The election cycle has been dominated by talk of the war in Iraq. And rightly so. This is a historic opportunity. Building a pluralistic, democratic Iraq will facilitate the sort of strong economic ties that restrain future war. For the first time in 50 years, we have the chance to turn the Middle East into something other than an anti-American incubator of hate.
But with the election right around the corner, perhaps we should take a moment to consider Bush's domestic policy. After all, he ran in 2000 as a domestic policy president. From the outset, Bush demonstrated an innovative approach to invigorating our cities. Rather than administer government aid like some narcotic, Bush found ways to subsidize opportunity for nearly 400,000 people. He also implemented tax cut programs and economic incentives to encourage the development of small businesses while engaging the support of religious organizations to provide positive role models, or even the expectation of success in poor neighborhoods. In each case, Bush used government resources to cultivate the expectation of other possibilities.
This synthesis of government, individual responsibility and free choice is perfectly summed up by Bush's educational reforms. Against the backdrop of chronically underfunded schools that lack the wherewithal to educate low-income students, Bush has backed school choice options, which hold the promise of a new civil rights movement.
Currently, school districts mirror housing patterns. As a result, economically segregated communities have produced economically segregated public schools. The result is a brutal and arbitrary divide between rich and poor, urban and suburban, minority and white. There exists an astonishing body of evidence that these "poor, minority" schools are failing to properly educate their students.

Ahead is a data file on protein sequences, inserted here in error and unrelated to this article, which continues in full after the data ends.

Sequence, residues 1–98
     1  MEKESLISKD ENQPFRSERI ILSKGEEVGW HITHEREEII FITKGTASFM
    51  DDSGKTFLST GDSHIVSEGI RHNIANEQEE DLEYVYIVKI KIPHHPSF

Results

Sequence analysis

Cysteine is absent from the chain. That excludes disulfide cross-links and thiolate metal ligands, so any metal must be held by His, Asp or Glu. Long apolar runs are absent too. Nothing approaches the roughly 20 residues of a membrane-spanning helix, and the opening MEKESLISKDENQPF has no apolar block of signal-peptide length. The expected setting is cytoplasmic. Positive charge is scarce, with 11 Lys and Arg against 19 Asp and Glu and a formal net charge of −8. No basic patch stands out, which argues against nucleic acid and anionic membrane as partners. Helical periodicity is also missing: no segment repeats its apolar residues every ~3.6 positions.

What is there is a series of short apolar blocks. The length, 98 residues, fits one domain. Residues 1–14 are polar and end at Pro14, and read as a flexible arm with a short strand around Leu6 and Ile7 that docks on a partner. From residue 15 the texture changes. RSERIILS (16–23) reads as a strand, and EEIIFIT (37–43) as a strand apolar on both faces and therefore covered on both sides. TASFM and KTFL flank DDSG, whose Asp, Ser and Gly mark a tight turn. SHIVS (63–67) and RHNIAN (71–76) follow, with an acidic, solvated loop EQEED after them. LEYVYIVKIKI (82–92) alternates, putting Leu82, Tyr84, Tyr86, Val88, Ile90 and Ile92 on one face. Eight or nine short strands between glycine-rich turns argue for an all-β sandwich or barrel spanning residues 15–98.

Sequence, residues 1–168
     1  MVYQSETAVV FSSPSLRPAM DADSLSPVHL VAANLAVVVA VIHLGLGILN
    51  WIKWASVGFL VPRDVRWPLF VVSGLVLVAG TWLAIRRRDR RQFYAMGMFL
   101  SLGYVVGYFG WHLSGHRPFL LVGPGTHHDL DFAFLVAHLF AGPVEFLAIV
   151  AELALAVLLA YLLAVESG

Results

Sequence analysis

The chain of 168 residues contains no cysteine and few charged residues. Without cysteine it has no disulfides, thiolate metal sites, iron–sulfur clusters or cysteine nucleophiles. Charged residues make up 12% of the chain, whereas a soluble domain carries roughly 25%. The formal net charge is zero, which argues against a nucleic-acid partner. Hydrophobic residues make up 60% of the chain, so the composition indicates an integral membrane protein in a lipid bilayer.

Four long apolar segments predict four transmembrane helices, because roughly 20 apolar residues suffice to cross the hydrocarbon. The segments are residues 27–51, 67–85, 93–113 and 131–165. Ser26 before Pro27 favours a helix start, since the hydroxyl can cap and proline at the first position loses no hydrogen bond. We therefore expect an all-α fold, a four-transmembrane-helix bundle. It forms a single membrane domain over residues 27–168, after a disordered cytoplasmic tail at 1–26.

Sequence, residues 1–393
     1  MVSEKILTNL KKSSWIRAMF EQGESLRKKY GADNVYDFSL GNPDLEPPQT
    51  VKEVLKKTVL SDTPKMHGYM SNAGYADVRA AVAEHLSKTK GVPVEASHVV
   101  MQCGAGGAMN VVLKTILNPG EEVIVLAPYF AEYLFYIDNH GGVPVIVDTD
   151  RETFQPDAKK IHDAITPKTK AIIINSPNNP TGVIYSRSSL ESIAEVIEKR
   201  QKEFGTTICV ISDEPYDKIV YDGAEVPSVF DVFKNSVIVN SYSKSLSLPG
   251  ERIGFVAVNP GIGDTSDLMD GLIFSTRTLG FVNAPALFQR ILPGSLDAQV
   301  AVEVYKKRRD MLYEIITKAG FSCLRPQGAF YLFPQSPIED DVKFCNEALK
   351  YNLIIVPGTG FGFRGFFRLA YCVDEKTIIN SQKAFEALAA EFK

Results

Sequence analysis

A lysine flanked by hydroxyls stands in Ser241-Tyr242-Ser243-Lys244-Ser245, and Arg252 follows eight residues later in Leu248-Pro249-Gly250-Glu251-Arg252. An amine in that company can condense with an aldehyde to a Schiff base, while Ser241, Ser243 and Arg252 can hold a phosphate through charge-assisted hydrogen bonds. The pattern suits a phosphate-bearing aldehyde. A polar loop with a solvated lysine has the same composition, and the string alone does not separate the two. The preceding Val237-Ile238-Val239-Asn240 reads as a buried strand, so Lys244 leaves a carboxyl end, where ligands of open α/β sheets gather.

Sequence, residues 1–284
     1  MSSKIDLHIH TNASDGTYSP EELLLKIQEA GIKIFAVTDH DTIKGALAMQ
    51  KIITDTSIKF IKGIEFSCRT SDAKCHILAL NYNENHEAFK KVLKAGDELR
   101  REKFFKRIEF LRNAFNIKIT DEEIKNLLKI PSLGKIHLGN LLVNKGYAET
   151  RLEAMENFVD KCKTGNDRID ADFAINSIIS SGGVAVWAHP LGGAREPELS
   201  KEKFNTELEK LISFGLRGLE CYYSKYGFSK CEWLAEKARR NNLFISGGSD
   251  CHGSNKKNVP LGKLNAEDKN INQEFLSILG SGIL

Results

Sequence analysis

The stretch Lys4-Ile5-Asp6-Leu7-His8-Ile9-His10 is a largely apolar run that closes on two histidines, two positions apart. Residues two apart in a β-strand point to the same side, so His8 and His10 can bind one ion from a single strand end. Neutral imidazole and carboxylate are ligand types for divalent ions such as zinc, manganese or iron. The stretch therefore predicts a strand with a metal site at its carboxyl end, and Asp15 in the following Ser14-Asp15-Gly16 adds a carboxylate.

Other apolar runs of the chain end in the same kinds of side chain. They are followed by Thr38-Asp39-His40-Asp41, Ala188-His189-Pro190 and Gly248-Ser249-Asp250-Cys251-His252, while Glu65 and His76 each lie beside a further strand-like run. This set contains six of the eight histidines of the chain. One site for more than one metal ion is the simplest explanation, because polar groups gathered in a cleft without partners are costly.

Bush's education reforms - specifically his support of vouchers - could help redress this inequality by holding public schools accountable for the proper education of their students, while ensuring that poor people - mostly of color - no longer remain trapped in failing schools. This change could be the single most important factor in redressing the achievement gap between the races.
This is, of course, the embryo of Bush's domestic policy. He realizes that economic redistribution by itself cannot fight poverty because poverty is also a matter of brutal social conditioning: A little boy watches his mother sell drugs, or his brother join a gang. He watches his teachers succumb to frustration. All around him, he sees hope twisting inward. His passions become stifled beneath this negative landscape that crushes all expectation of other possibilities.
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